Windy Road Leads To Lifelong Dream For New Police Officer
Publish Date 08/25/2022
There was opportunity upon opportunity for Alyssa Surges to back out.
After majoring in criminal justice at the University of Central Missouri, Surges went home to Chicago to become a police officer. But years ago, law enforcement jobs were scarce. So Surges worked for an orthodontist and then as a postal inspector, but she wasn’t fulfilled. Surges wanted to help people improve their lives.
“My mom worked at a high school, and when I was 8 or 9, she took me to Take Your Child To Work Day,” Surges said. “There was an officer there who was so cool and so nice with the kids. Watching him with those kids made me want to be a police officer from a very young age.”
Surges had an officer-friend at KCPD who suggested Surges apply. Surges enjoyed Kansas City, having visited in college. So she moved but decided to become a call taker first in order to learn how to navigate the new city.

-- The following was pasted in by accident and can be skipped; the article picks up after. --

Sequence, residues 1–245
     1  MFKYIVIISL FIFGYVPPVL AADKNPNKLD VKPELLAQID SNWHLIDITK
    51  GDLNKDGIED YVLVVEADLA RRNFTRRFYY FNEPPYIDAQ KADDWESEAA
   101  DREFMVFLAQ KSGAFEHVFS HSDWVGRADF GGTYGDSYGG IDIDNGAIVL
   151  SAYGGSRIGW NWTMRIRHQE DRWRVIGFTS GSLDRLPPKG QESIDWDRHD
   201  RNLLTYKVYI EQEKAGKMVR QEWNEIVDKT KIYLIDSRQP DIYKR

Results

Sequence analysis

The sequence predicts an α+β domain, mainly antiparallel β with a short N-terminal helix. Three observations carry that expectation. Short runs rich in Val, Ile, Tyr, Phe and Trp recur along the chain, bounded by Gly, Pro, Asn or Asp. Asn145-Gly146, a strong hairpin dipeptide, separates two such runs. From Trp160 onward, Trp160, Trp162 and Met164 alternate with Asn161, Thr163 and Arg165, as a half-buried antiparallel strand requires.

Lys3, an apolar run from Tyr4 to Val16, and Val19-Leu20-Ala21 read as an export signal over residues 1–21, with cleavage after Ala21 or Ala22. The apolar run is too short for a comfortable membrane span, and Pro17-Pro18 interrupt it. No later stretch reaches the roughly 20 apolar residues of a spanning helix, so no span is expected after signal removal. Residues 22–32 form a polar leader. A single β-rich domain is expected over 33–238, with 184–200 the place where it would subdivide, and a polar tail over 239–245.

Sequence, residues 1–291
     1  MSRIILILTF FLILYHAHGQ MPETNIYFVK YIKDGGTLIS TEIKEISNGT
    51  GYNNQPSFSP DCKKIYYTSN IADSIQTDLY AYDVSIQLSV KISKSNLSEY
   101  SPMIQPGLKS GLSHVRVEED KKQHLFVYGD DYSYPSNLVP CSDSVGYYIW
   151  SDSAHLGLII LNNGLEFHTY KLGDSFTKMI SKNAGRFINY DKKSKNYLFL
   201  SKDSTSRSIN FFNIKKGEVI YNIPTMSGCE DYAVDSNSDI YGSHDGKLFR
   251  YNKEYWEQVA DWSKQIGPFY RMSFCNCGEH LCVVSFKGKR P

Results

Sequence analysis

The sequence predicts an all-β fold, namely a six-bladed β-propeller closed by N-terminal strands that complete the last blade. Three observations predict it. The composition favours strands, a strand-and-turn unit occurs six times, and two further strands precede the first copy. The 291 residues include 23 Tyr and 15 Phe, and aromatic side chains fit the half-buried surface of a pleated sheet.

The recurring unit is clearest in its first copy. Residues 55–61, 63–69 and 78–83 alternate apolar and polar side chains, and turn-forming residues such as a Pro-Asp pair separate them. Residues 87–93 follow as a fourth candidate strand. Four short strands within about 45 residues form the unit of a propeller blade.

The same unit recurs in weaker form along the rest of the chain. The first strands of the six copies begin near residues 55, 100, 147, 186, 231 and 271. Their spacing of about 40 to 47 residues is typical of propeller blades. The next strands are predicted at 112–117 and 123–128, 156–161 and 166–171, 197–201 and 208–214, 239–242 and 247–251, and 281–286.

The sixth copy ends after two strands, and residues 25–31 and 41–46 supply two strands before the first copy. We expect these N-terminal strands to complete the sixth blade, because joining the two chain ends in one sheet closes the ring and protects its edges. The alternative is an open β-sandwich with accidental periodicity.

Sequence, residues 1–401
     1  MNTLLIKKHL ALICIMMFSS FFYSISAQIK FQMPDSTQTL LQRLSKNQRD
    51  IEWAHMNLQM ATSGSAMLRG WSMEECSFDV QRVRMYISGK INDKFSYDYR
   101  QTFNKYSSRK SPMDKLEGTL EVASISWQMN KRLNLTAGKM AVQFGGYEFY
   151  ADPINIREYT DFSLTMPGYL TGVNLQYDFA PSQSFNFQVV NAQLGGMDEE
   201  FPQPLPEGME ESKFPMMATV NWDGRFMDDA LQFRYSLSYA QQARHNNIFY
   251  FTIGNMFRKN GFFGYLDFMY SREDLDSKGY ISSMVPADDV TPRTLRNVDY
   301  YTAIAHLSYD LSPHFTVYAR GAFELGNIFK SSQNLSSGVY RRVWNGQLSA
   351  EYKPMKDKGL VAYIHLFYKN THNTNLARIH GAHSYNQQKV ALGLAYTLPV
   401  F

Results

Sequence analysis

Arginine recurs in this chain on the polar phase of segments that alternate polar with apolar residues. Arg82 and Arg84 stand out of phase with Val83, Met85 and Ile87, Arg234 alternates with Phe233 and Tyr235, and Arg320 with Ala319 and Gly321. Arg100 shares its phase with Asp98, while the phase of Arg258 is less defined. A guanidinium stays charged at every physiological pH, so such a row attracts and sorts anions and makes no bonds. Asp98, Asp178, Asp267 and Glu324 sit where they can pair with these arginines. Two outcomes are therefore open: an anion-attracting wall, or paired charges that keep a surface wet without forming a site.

Truth be told, she was a call taker longer than expected. A hiring freeze paused any chance to enroll in the police academy. By the time the academy opened up again in September of 2021, there was nationwide criticism of police and calls for reform after the murder of George Floyd in Minnesota.
Surges could have chosen something different other than the badge.
“I never doubted it,” Surges said. “I know the person I am, and I know my intentions to help people and to want to do good. I know the interactions I’m having are genuine. If I can make an impact, that’s what I want to do.”
After graduating from the police academy in March, Surges began at East Patrol Division. She’s now at Metro Patrol Division and enjoying the career she envisioned. Surges says most of her day is spent problem-solving for residents. She’s quick to point out that arresting someone is the last resort. Instead, she and her fellow officers mediate and find resolutions.
“It’s fun,” she stated. “You learn about yourself. You learn about the people you’re dealing with, and that makes you realize something about yourself. You learn to communicate, to adjust, and to adapt.”
There have been times, already, Surges has gone home pondering, “Did that just happen today? Is this real life?” These impactful experiences accompany the responsibility of serving and protecting. It’s a duty she honors. It’s one she recommends for those considering policing.
“It’s going to be tough,” Surges explained. “It’s going to push you to extremes, but that’s a part of it. Go out there and help people. It’s absolutely worth it in the end.”